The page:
Use this teacher training meeting to train your Sunday school teachers for helping children with special needs or learning disabilities.
1. Tough Act
Form three groups. Give each teacher in the first group two cotton balls and have them each place the cotton balls in their ears. Then give each teacher in the second group a jump-rope and have them each jump rope. Give each teacher in the third group a photocopy of this article and have them lay the article on the floor and stand up straight as they read it.
As groups perform their activities, talk about the article. After five minutes, have everyone stop.
- How did you feel during this activity? Was it easy or difficult was it to listen to me?
- How do you think your feelings might be similar to or different from the feelings a child with a learning disability might have?
- How have you felt when you’ve had a child in your class who had a learning disability?
Say: Today we’re going to talk about helping kids with learning disabilities.
2. Act Out
Have teachers choose one of four groups to join:
- auditory processing or hearing problems;
- reading and language delays;
- Attention Deficit Disorder or memory problems; or
- sensory motor difficulties.
Teachers should join the group with the disability they most want to learn about.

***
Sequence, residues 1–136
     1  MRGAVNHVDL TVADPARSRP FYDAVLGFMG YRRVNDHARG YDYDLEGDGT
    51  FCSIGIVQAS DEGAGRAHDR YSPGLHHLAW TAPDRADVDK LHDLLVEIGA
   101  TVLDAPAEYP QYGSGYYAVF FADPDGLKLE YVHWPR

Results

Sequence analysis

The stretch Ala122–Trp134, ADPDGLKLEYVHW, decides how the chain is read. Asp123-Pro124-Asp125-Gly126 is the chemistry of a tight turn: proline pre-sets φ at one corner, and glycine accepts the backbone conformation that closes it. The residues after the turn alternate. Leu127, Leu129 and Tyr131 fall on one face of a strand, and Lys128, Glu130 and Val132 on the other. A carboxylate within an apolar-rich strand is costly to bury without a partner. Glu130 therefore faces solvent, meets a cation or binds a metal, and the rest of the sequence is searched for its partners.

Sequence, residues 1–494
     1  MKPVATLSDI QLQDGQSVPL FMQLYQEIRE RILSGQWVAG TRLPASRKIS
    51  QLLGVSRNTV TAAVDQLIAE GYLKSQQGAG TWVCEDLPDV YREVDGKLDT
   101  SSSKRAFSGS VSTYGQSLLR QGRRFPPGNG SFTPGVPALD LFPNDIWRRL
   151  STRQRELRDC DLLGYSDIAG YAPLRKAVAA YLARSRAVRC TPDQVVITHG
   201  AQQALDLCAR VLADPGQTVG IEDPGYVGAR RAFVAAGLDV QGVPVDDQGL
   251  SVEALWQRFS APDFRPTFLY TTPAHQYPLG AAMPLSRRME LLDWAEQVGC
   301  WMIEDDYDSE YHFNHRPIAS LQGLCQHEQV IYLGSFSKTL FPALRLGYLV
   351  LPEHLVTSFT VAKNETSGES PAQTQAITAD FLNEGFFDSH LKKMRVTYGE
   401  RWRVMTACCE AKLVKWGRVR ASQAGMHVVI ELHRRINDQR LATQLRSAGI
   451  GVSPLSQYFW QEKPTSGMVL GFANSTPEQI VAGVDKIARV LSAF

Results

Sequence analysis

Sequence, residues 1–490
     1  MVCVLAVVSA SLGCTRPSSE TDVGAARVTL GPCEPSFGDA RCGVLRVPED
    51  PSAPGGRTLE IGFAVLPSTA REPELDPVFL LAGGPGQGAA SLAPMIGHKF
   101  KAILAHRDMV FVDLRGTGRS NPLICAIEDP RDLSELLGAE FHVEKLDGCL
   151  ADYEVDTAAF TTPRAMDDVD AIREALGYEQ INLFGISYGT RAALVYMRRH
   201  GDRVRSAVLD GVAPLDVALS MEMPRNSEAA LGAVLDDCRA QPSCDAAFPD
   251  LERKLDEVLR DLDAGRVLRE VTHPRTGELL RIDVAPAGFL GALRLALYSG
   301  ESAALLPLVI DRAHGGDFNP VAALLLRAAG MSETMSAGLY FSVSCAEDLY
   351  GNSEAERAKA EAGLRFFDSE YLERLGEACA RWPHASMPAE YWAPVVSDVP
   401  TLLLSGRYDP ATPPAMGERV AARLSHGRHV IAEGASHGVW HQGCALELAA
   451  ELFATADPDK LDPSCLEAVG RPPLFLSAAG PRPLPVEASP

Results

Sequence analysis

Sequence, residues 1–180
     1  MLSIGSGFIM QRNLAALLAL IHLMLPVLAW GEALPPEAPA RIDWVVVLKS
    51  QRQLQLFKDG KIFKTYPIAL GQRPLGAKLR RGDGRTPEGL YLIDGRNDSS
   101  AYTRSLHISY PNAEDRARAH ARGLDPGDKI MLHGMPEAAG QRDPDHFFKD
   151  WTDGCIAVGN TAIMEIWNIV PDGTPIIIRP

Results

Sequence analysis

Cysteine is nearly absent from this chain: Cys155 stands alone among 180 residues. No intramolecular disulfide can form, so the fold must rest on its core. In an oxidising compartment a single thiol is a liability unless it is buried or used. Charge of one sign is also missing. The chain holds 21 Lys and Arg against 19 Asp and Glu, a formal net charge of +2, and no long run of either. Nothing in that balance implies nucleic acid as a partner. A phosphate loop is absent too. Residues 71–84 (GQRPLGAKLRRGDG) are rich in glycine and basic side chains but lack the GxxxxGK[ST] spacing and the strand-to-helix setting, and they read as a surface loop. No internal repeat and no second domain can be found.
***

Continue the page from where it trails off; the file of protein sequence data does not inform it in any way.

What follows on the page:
After groups are formed, have teachers read about their group’s learning disability in the “How to Recognize Kids With Special Learning Needs” article. Have groups each create a role-play where a child displays symptoms of the learning disability and the teacher responds appropriately. When groups are ready, have each group present its role-play. Encourage teachers to ask questions about each disability.
3. Jesus-Style Ministry
Give each group a Bible, a sheet of paper and a pencil. Have each group read aloud Matthew 20:30-34. Then have them each answer these questions:
- What did the two men with a disability desire?
- Why do you think the other people treated them the way they did?
- How did Jesus treat the two blind men?
- What can we learn from Jesus that will help us in dealing with children with learning disabilities?
4. Action Plan
Summarize the Teaching the Learning Disabled section for teachers. Then brainstorm together an action plan for what teachers can do if they suspect a learning disability. Consider these elements in your action plan:
How will a child’s symptoms be documented-if at all?
- Who needs to be notified first?
- What role will confidentiality have?
- What action will be taken?
- How can the child be affirmed through the process?
Encourage teachers to consult with you after the meeting if they’re concerned about a child who may have a learning disability. Also, if teachers want to know more about learning disabilities, invite a special education teacher to your next meeting. Or recommend Special Needs Ministry for Children.
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